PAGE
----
Rutgers women should be celebrated -- not insulted
This board presents a great (although unfortunate) opportunity for everyone to see how common racist, homophobic, and mysogenistic attitudes are in this country. And it showcases exactly why this country has not been able to deal with racism, homophobia, and mysogyny; those guilty don't realize it, and when confronted try to turn the conversation to others who may be guilty. Rappers are just as wrong as Imus, but that doesn't make Imus any less culpable. Chris Rock, although he does comment on race, does not call black women "nappy-headed hos." Tattoos aren't a symbol of sexual persuasion, and neither are muscles or basketball skill. I'm glad that in this national discussion and here on ESPN.com people are getting a chance to see how evil, misguided, and ignorant many people in this country still are. We have a long way to go.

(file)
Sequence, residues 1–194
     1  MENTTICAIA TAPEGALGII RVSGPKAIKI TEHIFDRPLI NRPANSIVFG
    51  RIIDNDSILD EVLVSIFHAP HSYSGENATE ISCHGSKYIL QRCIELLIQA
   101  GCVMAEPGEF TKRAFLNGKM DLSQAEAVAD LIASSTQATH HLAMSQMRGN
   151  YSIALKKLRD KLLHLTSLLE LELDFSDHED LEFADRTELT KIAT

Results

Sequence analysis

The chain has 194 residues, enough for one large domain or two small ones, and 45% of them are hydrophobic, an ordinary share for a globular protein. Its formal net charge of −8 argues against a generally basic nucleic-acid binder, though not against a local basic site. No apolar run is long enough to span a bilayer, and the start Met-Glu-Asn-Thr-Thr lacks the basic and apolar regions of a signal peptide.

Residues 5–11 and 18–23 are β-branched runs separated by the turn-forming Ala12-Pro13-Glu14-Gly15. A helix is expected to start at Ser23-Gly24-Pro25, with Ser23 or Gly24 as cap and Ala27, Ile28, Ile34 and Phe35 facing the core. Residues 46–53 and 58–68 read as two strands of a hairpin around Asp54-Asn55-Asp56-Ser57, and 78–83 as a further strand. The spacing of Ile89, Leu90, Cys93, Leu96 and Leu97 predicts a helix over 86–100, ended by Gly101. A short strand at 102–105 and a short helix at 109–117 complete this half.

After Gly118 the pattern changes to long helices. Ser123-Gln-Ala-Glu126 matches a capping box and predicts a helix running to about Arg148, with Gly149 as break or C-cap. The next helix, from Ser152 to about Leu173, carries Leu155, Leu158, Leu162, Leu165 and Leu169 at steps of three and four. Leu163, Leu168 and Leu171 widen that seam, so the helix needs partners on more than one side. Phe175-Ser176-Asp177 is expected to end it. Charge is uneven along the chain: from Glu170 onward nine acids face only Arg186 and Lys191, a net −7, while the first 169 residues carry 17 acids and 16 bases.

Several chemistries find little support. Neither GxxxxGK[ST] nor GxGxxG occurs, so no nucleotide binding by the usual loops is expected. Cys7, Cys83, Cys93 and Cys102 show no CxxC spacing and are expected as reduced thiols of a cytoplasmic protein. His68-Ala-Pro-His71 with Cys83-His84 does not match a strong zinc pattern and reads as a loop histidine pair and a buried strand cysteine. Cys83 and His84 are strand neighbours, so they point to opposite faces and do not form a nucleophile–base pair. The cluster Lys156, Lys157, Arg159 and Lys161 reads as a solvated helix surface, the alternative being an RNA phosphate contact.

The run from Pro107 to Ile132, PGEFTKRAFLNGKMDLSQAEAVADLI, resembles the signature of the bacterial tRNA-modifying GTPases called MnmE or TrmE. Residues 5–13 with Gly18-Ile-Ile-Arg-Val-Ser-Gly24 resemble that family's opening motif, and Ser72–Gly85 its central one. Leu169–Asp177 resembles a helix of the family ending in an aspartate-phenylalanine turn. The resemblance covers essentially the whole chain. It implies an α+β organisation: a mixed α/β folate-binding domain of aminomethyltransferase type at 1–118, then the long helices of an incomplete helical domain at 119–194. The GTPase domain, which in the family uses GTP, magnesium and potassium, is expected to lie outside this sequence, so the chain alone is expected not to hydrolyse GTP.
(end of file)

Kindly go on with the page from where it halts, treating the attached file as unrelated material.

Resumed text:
-- dajuice7

I agree whole-heartedly with the post from ,wbrooks8997 (4/9/2007 at 5:47 PM), everyone was so quick to want Tim Hardaway and Michael Ray Richardson ousted but Imus gets a suspension because he apologized and looks and sounds remorseful. Talk about double standard, LOL. Then people want to mention some of rap music's degrading lyrics or black comedians saying this and saying that about black women and other races, but does that make any of the comments by anyone regardless of skin color right is my question? Nobody just wants to single out Imus but Michael Ray Richardson has a history of doing ignorant things (ie banned from the NBA for drugs) and he got fired for what he said and Imus has a history of saying ignorant things and he got suspended. Be consistent is all i'm saying, if the other 2 got fired for their remarks, why doesn't the Imus??